The Small Business Administration has been a key player through the financial crisis. But many loan officers say small-business owners don't understand exactly how the agency's programs work, and that can hurt them when it comes time for a loan. Here are some popular myths about the SBA, along with reality checks.
It's common to hear the SBA described as a "lender of last resort." In some ways, there's good reason for this: The agency's Office of Disaster Assistance speeds funds to borrowers in regions hammered by natural disasters, and it funds Community Development Financial Institutions that make loans to borrowers with higher-risk profiles. But the SBA's bread and butter is facilitating loans to viable businesses.
Borrowers often assume banks aren't taking any risks with SBA loans and don't understand why lenders would reject them. Banks issue SBA loans according to government guidelines and receive some protection against losses if the borrower defaults. Loans issued through the popular 7a program carry a guarantee between 50% and 80%, so the bank swallows up to 25% of any losses from the loan. By contrast, loans written through the SBA Express program carries a 50% guarantee.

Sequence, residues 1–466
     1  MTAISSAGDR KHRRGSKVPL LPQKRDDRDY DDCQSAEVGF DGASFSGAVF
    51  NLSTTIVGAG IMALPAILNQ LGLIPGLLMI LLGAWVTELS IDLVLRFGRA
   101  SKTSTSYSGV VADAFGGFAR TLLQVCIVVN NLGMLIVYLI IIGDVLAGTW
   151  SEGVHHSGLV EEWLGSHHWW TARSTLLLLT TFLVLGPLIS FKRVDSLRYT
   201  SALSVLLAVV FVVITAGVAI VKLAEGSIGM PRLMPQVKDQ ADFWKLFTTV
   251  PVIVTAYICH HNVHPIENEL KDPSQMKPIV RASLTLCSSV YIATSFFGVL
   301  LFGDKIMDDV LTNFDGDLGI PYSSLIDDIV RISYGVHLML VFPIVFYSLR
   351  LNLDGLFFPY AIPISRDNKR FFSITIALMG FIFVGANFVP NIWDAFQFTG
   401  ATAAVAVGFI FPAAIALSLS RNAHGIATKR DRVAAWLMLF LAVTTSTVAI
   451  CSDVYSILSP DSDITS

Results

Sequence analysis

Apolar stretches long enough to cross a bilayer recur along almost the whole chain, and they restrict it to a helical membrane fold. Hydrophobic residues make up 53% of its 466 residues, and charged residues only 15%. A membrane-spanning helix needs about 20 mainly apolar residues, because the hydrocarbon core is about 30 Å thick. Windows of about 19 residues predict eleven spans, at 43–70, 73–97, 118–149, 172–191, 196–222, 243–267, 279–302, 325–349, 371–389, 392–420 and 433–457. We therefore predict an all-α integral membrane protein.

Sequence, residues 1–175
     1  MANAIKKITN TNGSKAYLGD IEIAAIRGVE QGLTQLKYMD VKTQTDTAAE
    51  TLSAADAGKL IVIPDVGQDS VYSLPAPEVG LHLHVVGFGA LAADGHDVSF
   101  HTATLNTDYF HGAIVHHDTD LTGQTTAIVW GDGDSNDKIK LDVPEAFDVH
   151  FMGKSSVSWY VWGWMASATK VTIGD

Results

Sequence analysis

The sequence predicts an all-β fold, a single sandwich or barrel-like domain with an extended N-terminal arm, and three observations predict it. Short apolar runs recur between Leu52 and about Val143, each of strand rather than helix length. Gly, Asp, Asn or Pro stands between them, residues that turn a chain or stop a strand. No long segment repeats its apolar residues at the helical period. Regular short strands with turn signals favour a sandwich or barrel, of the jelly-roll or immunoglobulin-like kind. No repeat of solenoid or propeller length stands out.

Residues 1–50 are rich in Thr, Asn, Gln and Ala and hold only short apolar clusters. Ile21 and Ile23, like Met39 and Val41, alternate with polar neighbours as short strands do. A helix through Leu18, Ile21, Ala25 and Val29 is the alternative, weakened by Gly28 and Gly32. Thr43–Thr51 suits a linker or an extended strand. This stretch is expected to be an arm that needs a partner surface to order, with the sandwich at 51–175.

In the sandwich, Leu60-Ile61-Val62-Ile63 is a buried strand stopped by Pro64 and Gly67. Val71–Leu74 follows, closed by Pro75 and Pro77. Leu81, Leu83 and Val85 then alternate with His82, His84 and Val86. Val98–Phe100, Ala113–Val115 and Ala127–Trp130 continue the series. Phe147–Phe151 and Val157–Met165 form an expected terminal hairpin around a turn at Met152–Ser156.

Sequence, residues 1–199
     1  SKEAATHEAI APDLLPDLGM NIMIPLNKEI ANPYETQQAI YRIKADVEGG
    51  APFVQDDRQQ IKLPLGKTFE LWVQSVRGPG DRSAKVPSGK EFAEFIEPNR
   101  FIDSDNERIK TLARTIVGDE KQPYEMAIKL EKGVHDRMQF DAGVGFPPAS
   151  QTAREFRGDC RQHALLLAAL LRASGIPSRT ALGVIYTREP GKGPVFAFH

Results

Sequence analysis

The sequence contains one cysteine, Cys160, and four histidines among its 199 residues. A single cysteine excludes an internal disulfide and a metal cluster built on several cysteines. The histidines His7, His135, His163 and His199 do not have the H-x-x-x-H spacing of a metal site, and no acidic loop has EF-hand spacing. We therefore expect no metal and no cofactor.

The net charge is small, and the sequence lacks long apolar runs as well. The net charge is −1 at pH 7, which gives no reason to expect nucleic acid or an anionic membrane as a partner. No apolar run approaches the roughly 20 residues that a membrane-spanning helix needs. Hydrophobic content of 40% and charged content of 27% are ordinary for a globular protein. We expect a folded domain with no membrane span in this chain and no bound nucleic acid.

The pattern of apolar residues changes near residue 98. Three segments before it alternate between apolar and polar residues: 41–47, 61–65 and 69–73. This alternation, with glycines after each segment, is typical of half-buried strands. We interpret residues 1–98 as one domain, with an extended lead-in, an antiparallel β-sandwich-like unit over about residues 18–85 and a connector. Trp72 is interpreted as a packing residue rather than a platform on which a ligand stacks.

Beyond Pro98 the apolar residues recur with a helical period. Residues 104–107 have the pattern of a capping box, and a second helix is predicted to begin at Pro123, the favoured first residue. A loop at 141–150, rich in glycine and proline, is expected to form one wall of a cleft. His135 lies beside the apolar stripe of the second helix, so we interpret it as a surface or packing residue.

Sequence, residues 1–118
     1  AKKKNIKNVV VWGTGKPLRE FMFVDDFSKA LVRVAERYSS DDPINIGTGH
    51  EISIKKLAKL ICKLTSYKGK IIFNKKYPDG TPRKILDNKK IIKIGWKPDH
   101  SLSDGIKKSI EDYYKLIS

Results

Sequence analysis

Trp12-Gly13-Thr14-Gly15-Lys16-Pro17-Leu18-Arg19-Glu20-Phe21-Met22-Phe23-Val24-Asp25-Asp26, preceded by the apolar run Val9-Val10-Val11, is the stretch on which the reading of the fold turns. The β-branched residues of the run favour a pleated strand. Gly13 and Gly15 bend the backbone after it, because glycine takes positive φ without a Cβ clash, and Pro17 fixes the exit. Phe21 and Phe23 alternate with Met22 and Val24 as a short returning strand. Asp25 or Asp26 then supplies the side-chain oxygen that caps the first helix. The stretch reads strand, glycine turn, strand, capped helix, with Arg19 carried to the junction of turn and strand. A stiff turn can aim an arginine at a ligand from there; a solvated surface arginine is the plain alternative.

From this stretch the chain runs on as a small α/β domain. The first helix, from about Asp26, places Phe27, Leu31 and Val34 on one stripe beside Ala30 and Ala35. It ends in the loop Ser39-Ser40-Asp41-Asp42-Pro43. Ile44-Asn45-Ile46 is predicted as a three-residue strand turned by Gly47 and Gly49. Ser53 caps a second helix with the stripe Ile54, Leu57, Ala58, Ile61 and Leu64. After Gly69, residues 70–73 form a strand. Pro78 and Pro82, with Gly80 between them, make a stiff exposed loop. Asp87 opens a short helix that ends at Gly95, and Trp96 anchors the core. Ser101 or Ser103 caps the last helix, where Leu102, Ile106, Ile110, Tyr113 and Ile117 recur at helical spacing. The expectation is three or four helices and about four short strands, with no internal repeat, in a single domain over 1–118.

Lenders say borrowers often assume it will take months to close an SBA loan. In reality, the programs typically involve a six-week process, assuming the borrower is prepared on the front end. Generally, lenders will need the following documentation to evaluate your loan request: